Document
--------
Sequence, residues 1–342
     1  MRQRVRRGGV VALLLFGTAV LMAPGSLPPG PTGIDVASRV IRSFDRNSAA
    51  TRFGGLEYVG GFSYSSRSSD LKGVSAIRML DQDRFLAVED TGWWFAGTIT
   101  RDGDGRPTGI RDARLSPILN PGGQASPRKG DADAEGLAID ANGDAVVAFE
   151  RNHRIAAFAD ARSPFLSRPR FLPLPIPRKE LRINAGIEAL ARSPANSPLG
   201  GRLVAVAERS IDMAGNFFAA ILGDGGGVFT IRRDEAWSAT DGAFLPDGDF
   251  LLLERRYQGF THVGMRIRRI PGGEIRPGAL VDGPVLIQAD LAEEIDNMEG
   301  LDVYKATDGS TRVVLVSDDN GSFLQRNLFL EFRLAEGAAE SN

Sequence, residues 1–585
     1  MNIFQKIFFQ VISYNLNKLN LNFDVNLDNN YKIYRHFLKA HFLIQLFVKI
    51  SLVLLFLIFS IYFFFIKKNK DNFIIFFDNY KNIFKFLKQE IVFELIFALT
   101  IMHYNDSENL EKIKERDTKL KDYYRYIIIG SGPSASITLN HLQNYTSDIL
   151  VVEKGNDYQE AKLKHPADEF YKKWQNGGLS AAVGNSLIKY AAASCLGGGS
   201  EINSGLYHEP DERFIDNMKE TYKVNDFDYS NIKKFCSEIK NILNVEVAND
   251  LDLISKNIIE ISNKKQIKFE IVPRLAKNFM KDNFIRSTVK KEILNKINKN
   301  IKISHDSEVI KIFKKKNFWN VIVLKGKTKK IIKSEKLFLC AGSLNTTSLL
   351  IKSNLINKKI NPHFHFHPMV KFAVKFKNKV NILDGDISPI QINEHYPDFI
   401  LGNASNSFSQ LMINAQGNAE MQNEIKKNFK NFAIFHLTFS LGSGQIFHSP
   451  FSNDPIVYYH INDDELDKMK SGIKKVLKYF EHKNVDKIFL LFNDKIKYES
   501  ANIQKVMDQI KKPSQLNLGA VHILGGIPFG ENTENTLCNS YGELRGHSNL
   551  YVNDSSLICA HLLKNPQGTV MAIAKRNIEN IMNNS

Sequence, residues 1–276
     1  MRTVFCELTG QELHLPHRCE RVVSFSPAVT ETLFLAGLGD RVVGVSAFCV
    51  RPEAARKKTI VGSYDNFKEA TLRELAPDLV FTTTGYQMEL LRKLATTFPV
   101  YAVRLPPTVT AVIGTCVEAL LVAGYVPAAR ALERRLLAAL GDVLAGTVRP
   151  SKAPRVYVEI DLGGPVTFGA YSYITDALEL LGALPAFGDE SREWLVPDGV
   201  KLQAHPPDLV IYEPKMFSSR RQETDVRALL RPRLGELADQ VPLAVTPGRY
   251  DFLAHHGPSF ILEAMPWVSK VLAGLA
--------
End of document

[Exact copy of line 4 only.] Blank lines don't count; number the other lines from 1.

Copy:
   101  RDGDGRPTGI RDARLSPILN PGGQASPRKG DADAEGLAID ANGDAVVAFE